I don't think that's the problem, but that's her perceived problem, whereas Evan's problem is more theological, although she'll probably state it as cultural as well. She simply has problems with complementarianism, but that's another issue all together. Regardless, Piper stirred something up within the Christian feminist community, but there's something we need to examine here ourselves. Is Piper right on this issue? There's just something that's been nagging me about it.

I see no problem with reading women's commentaries on Scripture, whether it's Beth Moore, Kay Arthur, or others. It's not because I can't see them or because they are not directly teaching me in a Church setting. It's simply because I believe that Godly women do have something to say to us. We can and should learn from all who might have an insight.  Paul was referencing a Church teaching setting, I believe when he wrote 1 Timothy 2:12. He referenced the women in Timothy's life as people he learned from. There were women in the Bible who were teaching a discipling. Learning from Godly women is not a bad thing. But our reasoning should not be because we don't see them. It should be because they do still have something to say, whether we are complementarian or not.

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Monday, May 6, 2013

Culture Is Not the Problem

Ken Ham - Answers in Genesis
This past weekend, we had the opportunity to attend the 2nd Annual Teach Them Diligently homeschool convention in Spartanburg, SC which featured speakers such as Ken Ham, Lou Priolo, Stephen Kendrick, and other well-known speakers/authors from the homeschool community. I attended a number of Ken Ham's sessions, of which he laid out how the Church has lost a measure of authority, because many pastors are teaching their congregations that Genesis 1-11 are not entirely true. While churches are teaching that the coming, death, and resurrection of Jesus are absolutely true, they are leading their congregations astray by allowing science to dictate what is "true" about the origins of the universe and mankind. I've known this for some time, as I've read pieces by Tim Keller detailing his views on how Genesis 1 means one thing with regards to creation and Genesis 2 is something else. I doubt he does that with the rest of scripture. The Christian group, BioLogos, exists to link evolution, millions of years, and the Bible together. In fact, this was the whole reason the Teach Them Diligently conference was started last year because a similar conference in South Carolina had an issue with Mr. Ham calling out Peter Enns on this very issue.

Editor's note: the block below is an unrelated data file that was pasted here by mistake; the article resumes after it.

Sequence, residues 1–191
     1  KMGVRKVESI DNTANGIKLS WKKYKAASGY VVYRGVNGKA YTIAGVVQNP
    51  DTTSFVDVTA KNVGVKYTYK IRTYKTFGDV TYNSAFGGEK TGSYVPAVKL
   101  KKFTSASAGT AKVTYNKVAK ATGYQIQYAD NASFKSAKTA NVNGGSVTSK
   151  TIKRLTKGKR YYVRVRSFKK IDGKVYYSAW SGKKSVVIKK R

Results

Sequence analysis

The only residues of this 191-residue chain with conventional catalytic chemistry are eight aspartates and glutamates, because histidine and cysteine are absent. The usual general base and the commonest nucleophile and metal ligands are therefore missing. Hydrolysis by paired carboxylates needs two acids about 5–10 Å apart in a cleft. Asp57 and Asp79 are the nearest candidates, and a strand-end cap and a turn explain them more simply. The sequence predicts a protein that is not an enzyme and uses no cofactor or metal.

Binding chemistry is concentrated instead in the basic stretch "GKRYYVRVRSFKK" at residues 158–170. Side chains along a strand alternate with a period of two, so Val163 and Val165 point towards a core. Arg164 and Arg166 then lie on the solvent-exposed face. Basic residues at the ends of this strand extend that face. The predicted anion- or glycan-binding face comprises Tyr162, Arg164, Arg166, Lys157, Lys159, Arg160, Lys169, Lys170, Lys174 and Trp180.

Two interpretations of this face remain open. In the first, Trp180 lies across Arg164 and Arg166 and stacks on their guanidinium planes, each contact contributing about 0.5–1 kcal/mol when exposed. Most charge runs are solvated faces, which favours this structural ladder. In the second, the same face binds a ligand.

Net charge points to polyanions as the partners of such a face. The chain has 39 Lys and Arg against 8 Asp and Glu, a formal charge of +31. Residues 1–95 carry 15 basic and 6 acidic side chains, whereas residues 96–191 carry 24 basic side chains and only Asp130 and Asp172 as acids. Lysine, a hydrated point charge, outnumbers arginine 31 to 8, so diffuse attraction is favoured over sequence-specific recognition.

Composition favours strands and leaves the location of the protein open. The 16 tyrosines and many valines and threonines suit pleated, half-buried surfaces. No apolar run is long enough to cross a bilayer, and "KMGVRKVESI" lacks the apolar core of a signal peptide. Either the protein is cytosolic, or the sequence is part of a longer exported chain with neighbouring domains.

In short, Mr. Ham's point was that because the Church has decided that they would use a different hermeneutic in interpreting Genesis 1-11, we have lost and are losing the so-called "Culture Wars." How? Because we have no more credibility when we don't fully interpret the Bible correctly. We lose on marriage because Genesis 2 and 3 details God creating the marriage of man and woman, not man and man, or woman and woman. Why we need a Savior is in Genesis 3. If we start interpreting the Bible according to what Science says, how can we have much credibility? How can we justify the need for a Savior if we say we came from apes or that dinosaurs could not have been created the same day as man?

The Church is the problem in that they are not teaching the whole counsel of God. They have lost the full meaning of the Gospel message by not correctly interpreting the Bible. They don't want the Bible to say what it means or mean what it says. They want day in Genesis 1 and 2 to mean something other than day when it doesn't mean something other than day in the rest of the Bible. Let's stop playing around with man-made science and look at God's science and what he really says about His creation and get down to the real Gospel. When we start giving out the real Gospel, only then can hearts truly start being changed.